Thursday, February 28, 2019

Saving Throw Effort

While re-reading the various posts and considering the various ideas about Saving Throws, I also had a thought... Saving Throws, with their original categories, are often the ultimate barrier between a character and their death, especially at low levels. Several house-rules aim to maintain a low chance of success as in the OD&D and tune instead the mechanics (see my intro of this post). Other house-rules, though, have an impact (wanted or not) on those low chances.
Be it because they are changed to a roll-under on the ability score or because they are given better odds, these house-rules make Saving Throws more likely to succeed (especially at low levels).
But what about achieving a similar result (better chances) without drastically changing the game?
If every character is given for instance a 3 in 6 chance for all Saving Throws at level one, this changes the game.
What if instead there was a price to pay for a better chance?

Saving Throw Effort
Whenever you face a threat which triggers a Saving Throw, you may spend points to improve your chances of success, before rolling the dice.
For a d20 Saving Throw, spend 1 HP for a +1 to your roll.
For a d6 Saving Throw, spend 3 HP for a +1 to your roll.

As an alternative, you may sacrifice an item for a +1 (if approved by the GM) or a shield or armor, with a +1 for each AC point it grants, but only if this is applicable to vs. the given threat.

If the threat is magical, you may sacrifice a memorized spell (spend it as if it was used) for a +1 bonus for each level of the spell.

With Saves vs. Death (and Poison), vs. Wands (and Device), vs. Paralysis (and Stone), for example, you may sacrifice a shield if there is a physical threat, otherwise against poison or similar you must use HP.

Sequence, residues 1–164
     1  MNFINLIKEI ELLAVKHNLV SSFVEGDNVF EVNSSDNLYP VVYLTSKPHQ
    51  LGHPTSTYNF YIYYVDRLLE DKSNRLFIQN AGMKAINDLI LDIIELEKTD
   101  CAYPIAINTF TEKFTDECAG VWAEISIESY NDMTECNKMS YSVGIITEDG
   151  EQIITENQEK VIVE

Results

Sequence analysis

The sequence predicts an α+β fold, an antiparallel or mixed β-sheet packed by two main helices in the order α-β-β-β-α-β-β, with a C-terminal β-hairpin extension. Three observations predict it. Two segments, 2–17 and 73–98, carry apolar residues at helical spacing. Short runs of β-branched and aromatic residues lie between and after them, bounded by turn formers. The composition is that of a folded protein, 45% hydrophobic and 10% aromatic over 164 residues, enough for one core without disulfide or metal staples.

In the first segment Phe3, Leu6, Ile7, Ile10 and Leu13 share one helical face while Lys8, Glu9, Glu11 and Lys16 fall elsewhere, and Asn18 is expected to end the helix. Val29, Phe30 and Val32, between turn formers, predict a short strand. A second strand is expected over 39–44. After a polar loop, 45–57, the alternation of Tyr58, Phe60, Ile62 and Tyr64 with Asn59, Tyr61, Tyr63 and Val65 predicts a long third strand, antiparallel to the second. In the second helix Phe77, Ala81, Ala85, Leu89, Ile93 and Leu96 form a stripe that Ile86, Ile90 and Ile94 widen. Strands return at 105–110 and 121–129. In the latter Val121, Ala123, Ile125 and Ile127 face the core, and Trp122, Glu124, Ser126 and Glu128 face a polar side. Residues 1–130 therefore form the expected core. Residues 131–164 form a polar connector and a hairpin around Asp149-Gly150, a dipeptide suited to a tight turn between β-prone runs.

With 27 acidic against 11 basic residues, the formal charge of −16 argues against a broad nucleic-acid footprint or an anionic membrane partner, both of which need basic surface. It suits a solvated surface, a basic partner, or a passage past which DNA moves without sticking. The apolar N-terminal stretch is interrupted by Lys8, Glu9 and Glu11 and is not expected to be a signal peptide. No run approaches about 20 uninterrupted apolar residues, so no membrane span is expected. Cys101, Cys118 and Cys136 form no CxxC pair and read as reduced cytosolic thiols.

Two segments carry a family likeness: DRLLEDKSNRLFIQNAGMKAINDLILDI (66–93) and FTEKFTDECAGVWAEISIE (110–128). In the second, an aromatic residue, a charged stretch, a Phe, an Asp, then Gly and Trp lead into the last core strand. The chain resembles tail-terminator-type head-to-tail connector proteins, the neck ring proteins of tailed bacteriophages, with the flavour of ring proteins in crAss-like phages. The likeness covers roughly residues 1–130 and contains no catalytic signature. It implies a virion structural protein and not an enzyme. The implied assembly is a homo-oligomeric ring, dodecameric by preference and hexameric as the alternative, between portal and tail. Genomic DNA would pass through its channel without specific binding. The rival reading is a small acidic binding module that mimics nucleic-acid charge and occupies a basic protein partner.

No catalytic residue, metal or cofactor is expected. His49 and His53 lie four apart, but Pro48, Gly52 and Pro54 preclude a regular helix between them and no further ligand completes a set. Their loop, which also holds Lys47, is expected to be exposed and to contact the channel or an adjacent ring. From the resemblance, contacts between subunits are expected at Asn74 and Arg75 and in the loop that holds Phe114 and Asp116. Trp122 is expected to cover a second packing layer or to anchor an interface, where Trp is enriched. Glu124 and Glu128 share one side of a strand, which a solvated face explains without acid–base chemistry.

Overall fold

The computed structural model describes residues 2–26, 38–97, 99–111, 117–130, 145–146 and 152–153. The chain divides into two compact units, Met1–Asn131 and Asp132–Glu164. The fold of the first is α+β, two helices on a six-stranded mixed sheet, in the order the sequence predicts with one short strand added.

With Saves vs. Breath (and Area Effects) it is much more likely that you could sacrifice AC points for a bonus to your Saving Throw (or HP as stated above).
With Saves vs. Spells (Magic and Curses) it is possible to sacrifice a memorized spell (or HP as stated above).

This would give low level characters a better chance to survive, but only a very limited amount of times per adventure or session. The point would be that lost HP would be recovered probably not before the end of the session or when back to civilization, broken equipment or protections could become a problem later on, and lack of spells similarly so.
There is therefore a trade-off, a significant decision to be made by the characters.
It preserves players' agency, makes the characters a little bit more resistant, but without being overpowered.

If you'd like to push this further, you might introduce a XP mechanism. Remember that in this case you probably want to factor in the current character level, and put a limit to it. Reasonably, the limit is that you should not spend XP to go below your current level (in other words, you are more vulnerable when you just leveled up, and on the other hand you may loose a chance to level up by spending XP but with the advantage of increasing your chances of surviving a given threat).
The rule could be something like: spend 100 x your Level in XP for +1 bonus on a Saving Throw.

Thursday, February 21, 2019

Saving Throws ideas

We've seen Saving Throws compared across rulesets and proposed a d6 Saving Throws for LotFP - which has the advantage to replicate the beloved (well, I am in love with it) d6 skills presentation.
What if you want to start messing around with Saving Throws, then? After all, they're the last barrier between a character and an horrible death (or anyway some serious trouble)...

First of all, let's say something: when you change Saving Throws mechanics but keep the odds reasonably close to the original, you are not changing the game. You may have a mechanical improvement (an easier rule, a rule which fits better with other rules, an easier progression, perhaps a little more freedom in points allocation...), but the game (read: the odds) remains substantially the same.
If instead you make drastic changes to the odds (i.e. Saving Throws based on Ability scores, roll 1d20 equal or under the score), you're changing the game. It's not bad, but keep in mind that you're making a substantial change.